Whew! I don’t know if the title is working, but it’s the one I’ve settled upon. That’s the new name of a story a lot of my crit group may remember as “Ogallala,” the rewrite of which I mentioned here.
T’was a hell of a struggle to get from the 2,500 words there to the 5,500 words here. All kinds of logistics, plot changes, shifts in plans, shifts in character action, and struggles to make my viewpoint character actually work. Note to self: it takes a lot of work to make a cameraman an effective character, meaning one who is involved in the proceedings of a story, and not just a passive observer.
Which is interesting, really, since that’s a problem I’ve had with characters in the past: they tended to be passive observers, not people who made decisions and took action. I know it’s not unique, but it may be partly a personal bent: back in my RPG gaming days, I always preferred GMing — the worldbuilding, villain-devising, background-imagining work — to running individual characters and actually role-playing.
Sounds like I should have gone off into writing straight off, but developing an interest in characters, decisions, and plots did come later, and was worthwhile, after I took up playing an RPG. My characters were often the most distinct, unusual ones.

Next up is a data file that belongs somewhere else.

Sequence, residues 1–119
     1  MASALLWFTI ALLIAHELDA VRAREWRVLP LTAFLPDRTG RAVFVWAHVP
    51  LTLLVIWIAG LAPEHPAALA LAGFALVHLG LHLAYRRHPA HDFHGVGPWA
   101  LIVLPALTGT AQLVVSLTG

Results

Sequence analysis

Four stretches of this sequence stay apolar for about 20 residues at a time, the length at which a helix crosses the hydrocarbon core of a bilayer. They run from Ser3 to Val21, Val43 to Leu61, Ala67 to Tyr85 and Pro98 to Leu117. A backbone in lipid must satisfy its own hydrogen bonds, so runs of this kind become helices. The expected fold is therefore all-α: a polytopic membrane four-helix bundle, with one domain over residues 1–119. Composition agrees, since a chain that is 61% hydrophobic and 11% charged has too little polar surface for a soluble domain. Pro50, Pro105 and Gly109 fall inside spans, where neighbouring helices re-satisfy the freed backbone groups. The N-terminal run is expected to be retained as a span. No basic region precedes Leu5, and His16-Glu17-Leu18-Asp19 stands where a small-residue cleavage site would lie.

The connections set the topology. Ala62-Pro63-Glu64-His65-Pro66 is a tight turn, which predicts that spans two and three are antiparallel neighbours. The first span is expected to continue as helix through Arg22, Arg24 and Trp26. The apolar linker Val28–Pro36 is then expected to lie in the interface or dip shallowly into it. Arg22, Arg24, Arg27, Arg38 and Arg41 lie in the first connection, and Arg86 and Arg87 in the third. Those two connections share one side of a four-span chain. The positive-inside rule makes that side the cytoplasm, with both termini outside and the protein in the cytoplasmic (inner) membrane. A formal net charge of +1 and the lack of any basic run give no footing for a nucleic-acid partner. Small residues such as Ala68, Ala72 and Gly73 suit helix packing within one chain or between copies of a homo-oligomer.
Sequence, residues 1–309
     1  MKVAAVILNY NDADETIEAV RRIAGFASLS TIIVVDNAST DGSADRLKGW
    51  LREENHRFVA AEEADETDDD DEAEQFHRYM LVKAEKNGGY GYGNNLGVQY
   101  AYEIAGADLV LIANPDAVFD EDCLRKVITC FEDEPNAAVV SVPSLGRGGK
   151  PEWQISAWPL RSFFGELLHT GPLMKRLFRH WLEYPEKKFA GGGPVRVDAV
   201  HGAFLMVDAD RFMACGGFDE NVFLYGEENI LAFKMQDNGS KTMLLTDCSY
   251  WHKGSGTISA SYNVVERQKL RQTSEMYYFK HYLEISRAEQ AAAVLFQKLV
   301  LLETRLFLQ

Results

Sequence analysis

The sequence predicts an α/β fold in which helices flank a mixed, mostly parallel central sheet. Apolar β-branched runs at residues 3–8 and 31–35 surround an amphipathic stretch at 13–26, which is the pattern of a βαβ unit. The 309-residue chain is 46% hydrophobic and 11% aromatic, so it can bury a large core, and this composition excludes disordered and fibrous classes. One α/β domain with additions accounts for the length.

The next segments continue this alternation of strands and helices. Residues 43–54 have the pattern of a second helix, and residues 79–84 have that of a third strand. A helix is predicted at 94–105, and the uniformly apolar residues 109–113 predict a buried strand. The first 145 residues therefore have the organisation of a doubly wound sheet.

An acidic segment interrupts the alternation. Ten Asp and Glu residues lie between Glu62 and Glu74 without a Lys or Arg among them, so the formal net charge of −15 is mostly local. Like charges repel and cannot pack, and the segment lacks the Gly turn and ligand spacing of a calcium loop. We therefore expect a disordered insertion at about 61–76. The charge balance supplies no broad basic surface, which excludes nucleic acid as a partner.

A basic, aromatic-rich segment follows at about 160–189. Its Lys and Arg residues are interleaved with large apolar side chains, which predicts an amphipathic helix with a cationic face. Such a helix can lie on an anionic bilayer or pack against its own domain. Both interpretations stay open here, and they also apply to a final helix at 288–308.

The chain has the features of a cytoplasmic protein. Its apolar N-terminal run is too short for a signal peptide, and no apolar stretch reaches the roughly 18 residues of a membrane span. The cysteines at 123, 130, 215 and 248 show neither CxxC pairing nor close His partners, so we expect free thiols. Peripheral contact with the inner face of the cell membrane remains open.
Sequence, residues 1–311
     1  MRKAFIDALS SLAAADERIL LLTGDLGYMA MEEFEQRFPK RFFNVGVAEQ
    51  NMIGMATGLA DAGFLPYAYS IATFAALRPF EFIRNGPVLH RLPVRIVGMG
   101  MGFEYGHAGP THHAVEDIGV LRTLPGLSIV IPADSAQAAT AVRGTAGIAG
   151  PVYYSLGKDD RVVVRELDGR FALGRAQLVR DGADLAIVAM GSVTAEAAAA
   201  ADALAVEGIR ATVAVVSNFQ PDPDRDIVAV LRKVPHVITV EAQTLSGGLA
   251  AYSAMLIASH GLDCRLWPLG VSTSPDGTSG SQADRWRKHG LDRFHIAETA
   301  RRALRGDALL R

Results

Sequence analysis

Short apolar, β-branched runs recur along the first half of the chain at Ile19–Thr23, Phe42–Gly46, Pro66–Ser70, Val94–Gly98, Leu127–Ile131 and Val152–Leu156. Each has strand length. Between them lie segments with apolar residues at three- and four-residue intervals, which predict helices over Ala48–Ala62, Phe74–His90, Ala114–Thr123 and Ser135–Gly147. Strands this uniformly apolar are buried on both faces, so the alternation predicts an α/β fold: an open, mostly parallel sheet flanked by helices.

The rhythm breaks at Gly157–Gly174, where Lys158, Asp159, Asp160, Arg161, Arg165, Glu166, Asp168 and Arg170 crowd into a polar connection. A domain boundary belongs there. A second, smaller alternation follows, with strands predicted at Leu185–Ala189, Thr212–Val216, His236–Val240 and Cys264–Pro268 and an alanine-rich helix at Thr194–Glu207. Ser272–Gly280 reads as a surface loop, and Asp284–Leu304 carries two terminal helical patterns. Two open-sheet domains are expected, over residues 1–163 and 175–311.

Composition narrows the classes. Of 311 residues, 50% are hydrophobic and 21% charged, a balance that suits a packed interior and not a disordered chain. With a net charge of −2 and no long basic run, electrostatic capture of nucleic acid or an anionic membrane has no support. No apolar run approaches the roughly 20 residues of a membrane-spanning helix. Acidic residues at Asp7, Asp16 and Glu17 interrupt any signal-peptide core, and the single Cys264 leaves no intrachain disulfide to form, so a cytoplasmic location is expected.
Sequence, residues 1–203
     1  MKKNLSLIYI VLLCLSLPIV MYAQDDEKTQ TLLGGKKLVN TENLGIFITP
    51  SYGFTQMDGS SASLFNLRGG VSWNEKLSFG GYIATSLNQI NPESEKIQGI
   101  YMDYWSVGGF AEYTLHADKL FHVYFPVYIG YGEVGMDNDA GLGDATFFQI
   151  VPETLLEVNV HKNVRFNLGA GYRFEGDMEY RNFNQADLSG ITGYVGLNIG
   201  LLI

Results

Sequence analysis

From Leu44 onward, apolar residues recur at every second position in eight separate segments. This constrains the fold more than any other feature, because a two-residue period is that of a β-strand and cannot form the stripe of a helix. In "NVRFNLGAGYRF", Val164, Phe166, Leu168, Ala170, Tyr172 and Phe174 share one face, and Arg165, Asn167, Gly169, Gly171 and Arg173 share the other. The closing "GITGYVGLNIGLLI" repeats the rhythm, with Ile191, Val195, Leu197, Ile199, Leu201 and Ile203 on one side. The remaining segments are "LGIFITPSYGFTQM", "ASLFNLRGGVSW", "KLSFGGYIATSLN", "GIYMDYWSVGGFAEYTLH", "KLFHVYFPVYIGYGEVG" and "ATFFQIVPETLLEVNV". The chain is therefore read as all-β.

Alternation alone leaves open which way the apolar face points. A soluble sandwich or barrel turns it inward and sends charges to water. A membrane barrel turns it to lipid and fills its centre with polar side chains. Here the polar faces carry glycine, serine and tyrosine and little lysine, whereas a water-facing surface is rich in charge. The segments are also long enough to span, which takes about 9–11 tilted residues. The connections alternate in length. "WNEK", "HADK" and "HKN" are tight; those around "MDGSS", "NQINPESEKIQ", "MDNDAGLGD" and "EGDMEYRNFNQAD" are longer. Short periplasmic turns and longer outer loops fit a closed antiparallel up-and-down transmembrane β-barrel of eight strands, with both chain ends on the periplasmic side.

The least flat, in the sense of stock-type characters. Most of my fellow RPGers tended to go for more, well, typological characters: the millionaire haunted by ghosts, the female KGB agent bitten by a vampire, the slightly psychotic dwarf whose main love is gold soaked in the blood of his enemies. The characters I can remember were a little odder:
- a female bard who constantly sang songs about a male fertility god, until one day he appeared to her, and got her pregnant. She carried his baby, a godling. There was this whole uncertainty about whether she’d ever tell the boy his parentage or allow him to go off and do whatever Great Things he was supposed to do, or whether she’d just apprentice him with the local lute-maker and pray he was never Called to Greatness.
- A (black) Haitian vampire who had a love affair with his “sires,” a couple of white Haitian landowners who fled the 1790 uprising and ended up in America. They made their way about, him playing the slave; a long sleep brought them out of the ground in the 1920s. Seeing a world without slavery, he rose up and declared independence of his sires. They didn’t take it well. Went into hiding, then to ground, woke in the 1960s, just in time to catch on to jazz music and rasta; went to ground again, and surfaced in the 1990s. Was a kind of rap/poet-performance artist/ganja activist/rasta vampire. He also was the only vampire who gave a shit about race — the others all thought he was crazy when he brought it up, since to them, clan and species were much more important. He was damned fun.